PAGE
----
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The poem not only reflects expressionist enthusiasm for Whitman but is at the same time a measure of the alienation of these poets. Quite obviously, Whitman is the receptacle of the projections designed to compensate for their imagined and real deficits as poets and human beings. Their characterizations of Whitman with terms such as "Titan" or, in the poem by Carl Albert Lange, "Giant" suggest the degree to which the human individual is dwarfed by modern technology and industrial society.
The violent emotions they ascribe to Whitman, as exaggerated as comic book characterizations, are indicative of the impossibility of expressing subjectivity in a mechanized and controlled society. The two poems by Swiss writers Gustav Gamper — and Hans Reinhart — appeared next to each other in a Swiss literary journal in , along with Gamper's woodcut of Whitman. These poems are more constrained and devout, exuding a feeling of religiosity, but otherwise they are very similar to the exaggerated diction of the expressionists. Gamper, a native of Trogen, Switzerland, was a poet, musician, and painter.
Whitman was the great experience of his life, a model to follow throughout his career. Reinhart, a friend of Gamper's, was born in Winterthur, Switzerland. Descended from a wealthy family, he studied in Germany, Switzerland, and France and traveled widely.
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He was influenced by anthroposophy after a trip to India in and devoted his career to poetry, drama, and prose, as well as to local cultural activities in his hometown. He also translated individual poems by Whitman.
The pale blue dot – Der blaue Punkt im All
The poem by Carl Albert Lange — seems to be from the same expressionist school as Drey's, although Lange is not usually included with the expressionist movement. He was born in Hamburg as a son of a music teacher. In he was called to military duty and was a Russian POW from to ; these years in Siberia led him to literature. For the most part, he wrote poetry and prose, but he also translated from several languages.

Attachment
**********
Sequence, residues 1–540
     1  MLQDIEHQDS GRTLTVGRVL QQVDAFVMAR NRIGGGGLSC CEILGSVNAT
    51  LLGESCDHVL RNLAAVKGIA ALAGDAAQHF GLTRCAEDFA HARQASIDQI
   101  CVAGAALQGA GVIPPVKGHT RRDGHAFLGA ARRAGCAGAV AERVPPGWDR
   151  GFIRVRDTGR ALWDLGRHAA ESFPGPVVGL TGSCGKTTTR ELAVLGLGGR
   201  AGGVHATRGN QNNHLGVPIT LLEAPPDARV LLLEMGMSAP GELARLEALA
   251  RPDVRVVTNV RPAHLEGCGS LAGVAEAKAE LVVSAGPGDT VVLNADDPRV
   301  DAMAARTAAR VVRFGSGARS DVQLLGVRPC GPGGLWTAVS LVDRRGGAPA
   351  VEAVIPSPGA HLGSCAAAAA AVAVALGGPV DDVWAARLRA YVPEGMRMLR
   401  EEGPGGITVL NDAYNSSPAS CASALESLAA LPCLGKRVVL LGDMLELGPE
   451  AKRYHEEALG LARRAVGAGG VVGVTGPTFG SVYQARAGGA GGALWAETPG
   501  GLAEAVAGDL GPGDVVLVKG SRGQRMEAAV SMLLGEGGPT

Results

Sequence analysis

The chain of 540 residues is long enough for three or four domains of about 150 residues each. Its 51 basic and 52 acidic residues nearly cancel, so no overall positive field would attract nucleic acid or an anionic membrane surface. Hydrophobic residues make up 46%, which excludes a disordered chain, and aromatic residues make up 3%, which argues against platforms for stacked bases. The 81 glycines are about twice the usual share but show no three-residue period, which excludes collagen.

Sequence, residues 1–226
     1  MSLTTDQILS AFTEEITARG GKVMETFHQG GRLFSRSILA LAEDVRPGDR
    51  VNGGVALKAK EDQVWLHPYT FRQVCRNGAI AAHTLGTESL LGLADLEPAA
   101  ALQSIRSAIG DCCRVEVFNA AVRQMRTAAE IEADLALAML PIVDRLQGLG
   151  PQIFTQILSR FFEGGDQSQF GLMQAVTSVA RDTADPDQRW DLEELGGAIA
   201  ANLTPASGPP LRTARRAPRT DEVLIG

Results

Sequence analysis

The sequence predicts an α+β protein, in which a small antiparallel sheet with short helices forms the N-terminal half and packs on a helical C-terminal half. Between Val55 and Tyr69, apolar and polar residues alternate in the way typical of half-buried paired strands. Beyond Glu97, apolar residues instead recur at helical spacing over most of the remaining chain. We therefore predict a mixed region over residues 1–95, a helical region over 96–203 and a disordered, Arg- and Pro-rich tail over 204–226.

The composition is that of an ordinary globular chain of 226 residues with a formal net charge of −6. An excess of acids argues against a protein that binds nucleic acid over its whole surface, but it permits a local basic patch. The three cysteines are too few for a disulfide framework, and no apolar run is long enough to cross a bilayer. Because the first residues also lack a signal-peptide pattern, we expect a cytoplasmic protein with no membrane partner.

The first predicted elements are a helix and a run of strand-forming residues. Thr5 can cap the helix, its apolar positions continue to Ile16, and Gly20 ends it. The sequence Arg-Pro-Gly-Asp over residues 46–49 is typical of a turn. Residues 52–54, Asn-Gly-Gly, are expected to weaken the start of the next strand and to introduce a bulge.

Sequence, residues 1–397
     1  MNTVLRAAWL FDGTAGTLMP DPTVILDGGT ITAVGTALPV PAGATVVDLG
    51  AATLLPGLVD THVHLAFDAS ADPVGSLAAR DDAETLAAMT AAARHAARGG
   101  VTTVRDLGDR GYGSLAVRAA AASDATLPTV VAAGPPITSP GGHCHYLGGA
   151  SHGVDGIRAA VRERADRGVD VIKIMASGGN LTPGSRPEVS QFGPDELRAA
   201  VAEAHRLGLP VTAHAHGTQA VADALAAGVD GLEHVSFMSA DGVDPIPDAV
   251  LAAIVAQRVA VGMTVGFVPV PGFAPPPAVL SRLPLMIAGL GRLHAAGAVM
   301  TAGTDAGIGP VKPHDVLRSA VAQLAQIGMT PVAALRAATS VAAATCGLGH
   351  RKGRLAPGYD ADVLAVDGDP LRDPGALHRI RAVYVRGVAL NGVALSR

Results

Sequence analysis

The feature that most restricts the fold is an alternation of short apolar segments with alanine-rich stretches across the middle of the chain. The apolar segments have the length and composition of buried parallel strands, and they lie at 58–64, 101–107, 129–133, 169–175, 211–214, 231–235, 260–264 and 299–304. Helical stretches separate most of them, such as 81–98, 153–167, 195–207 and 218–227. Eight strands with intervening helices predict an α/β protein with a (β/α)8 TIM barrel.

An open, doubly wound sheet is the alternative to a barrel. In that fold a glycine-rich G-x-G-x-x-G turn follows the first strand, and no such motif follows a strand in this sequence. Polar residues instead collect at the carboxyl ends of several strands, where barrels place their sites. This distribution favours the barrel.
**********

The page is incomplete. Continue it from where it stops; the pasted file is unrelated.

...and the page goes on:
Although his work was repeatedly recognized by several prominent German critics and writers, Lange never established himself as a major twentieth-century voice in German poetry. Not all Germans, however, were uncritical admirers of Whitman. Already one year before the appearance of Lange's poem, in , Kurt Tucholsky, one of the great German satirists, wrote a parody of "Salut au Monde!
Tucholsky frequently used "Ignaz Wrobel" as a pseudonym.
The "Walt Wrobel" in the poem is Tucholsky turned into Whitman—or the other way around. Whitman's spiritualized epistemological optimism is shown to be unfounded; the wealth of all appearances could not possibly be grasped by the five senses. Paradoxically, the senses mediate mainly one thing—pain. Whitman's global panorama is here replaced by ridiculous local observations from the author's everyday life. At the very best, it is slightly humorous—something Whitman's poem is certainly not.
In spite of this parody's implicit biting criticism, Tucholsky, like other writers critical of Whitman's optimism, nonetheless admired the American as a great poet. On a poetry manuscript by the young German poet Walter Bauer, he commented, "I am much more interested in your intellectual parents than in your professional aspirations. Just so there are no misunderstandings: this does not change anything, not in the least, about the value of poems. Their rhymelessness is almost a matter of course. The sonnet by Johannes R.
Becher — was probably written in the early s when he was in Soviet exile. In his youth and early manhood, Becher was a devout Whitmanite; later he programmatically declared his conversion from Whitman to Marx and Lenin. Yet, like many other Marxists, he continued to admire Whitman, even though the sonnet form of the poem included here suggests that the nature of this admiration had changed. Becher, first minister of culture in the GDR, was an influential, although self-serving, cultural politician, whose interest in Whitman helped to insure the poet's "survival" in the GDR.